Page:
Pinterest has one of the largest collections of data-rich images on the internet. “We use machine learning to constantly rank and scale 75 billion dynamic objects, from buyable pins to video, and show the right pin to the right person at the best time,” Shahangian says. “Our core focus is helping people discover compelling content, such as products to buy, recipes to make, and projects to try, and machine learning helps us provide a more personalized experience.”

As Pinterest expands its international audience, it’s vital that its service be personalized for people regardless of where they live, what language they speak, or what their interests are, Shahangian says. “Using machine-learned models, we’ve increased the number of localized pins for countries outside the U.S. by 250 percent over the past year,” he says. “Now each of the more than 150 million people who visit Pinterest monthly see pins most relevant to their country and language.”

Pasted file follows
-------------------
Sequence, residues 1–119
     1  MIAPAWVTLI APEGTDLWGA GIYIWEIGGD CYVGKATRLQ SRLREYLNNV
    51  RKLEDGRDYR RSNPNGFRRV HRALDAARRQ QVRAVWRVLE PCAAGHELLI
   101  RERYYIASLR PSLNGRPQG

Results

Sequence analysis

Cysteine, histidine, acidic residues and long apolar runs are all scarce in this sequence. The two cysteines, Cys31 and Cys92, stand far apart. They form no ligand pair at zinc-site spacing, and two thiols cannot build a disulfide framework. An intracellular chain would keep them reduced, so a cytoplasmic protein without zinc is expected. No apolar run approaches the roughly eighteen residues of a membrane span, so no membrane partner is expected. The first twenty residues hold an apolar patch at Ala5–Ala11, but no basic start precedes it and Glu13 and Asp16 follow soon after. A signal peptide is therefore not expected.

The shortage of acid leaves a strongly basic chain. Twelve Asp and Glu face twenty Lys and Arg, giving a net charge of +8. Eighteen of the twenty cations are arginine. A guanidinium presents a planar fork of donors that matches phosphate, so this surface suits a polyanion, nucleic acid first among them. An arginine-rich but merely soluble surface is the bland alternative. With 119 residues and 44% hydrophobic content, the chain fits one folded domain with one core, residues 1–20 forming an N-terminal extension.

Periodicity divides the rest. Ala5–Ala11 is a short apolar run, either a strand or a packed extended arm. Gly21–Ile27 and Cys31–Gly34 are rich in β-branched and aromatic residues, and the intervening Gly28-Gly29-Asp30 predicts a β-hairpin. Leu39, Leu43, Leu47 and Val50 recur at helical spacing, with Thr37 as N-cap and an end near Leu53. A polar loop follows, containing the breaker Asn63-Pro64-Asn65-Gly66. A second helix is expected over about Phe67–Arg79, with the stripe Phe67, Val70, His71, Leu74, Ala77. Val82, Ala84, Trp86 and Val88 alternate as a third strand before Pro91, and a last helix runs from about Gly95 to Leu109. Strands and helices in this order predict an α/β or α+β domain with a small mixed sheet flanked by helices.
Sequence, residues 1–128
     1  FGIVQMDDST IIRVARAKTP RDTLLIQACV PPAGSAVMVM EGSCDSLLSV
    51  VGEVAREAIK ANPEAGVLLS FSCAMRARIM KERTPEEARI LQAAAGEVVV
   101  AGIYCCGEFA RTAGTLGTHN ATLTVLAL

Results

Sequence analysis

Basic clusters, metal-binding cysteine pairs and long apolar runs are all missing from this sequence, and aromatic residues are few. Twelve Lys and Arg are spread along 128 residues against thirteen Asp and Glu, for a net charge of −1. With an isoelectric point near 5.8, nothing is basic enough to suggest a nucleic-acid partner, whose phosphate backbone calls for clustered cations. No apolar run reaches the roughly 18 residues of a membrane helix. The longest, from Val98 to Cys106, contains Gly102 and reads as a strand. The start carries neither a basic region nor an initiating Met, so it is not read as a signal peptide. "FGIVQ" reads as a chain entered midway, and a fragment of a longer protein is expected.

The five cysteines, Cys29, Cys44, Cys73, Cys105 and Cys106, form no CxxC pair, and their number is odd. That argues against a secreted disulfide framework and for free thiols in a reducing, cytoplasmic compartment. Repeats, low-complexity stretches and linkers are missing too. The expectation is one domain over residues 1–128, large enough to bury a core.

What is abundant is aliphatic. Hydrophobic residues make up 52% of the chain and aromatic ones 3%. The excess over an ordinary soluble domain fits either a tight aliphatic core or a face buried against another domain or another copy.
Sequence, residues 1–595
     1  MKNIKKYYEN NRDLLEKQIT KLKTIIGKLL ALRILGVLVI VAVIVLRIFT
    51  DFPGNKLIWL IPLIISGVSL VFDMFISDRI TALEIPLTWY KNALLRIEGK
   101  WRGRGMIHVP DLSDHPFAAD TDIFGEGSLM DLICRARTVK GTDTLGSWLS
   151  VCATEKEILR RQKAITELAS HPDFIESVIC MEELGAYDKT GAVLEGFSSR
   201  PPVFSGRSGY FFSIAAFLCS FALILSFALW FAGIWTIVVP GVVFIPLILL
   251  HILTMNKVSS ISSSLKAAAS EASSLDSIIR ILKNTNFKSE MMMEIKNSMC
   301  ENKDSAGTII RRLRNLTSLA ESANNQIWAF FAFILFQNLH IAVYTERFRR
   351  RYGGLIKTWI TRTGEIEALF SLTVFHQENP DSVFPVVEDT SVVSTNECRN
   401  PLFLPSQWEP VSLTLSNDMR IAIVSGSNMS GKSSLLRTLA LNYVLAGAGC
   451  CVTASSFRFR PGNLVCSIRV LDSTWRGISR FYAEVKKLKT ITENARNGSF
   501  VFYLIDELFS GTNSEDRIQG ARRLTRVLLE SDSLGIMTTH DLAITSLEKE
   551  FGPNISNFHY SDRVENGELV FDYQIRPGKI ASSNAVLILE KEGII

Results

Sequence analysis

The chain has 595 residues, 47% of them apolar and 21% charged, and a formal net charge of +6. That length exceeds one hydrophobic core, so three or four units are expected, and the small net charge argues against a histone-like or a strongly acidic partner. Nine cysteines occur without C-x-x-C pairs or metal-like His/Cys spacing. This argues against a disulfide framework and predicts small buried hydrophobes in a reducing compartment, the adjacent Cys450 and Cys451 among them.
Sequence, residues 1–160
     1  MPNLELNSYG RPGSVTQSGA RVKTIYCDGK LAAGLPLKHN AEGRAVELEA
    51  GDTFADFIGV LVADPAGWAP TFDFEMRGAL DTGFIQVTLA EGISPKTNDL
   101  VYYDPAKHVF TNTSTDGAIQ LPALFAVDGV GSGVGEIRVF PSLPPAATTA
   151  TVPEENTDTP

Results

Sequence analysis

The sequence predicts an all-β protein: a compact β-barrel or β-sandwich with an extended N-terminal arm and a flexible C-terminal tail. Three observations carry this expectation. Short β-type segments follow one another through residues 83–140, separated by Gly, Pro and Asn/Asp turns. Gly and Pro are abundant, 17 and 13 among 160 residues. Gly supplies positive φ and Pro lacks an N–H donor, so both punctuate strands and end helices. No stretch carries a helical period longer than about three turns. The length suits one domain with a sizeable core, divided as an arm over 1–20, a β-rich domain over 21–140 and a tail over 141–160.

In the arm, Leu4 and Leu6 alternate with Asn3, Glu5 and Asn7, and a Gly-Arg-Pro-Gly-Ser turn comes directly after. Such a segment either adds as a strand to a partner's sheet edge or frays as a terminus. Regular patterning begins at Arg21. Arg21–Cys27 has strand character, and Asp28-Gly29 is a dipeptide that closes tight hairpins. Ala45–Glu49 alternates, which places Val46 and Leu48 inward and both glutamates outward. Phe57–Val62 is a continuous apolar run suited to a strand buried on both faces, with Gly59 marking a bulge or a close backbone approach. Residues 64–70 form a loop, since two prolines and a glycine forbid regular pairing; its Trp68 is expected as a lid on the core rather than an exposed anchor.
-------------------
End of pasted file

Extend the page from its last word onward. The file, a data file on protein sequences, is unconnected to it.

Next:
In additional, machine learning predicts the relevance of a promoted pin on the site as well as its performance, helping improve the user experience with promoted ideas from businesses.

“We recently added deep learning to our recommendations candidate pipeline to make related pins even more relevant,” Shahangian says. “Pinterest engineers have developed a scalable system that evolves with our product and people’s interests, so we can surface the most relevant recommendations. By applying this new deep learning model, early tests show an increase in engagement with related pins by 5 percent globally.”

Pinterest is constantly developing technologies with the latest in machine learning “to build a visual discovery engine, including making advancements in object detection and scaling an ever-growing corpus of data and the world’s data-rich set of images, to people around the world,” Shahangian says.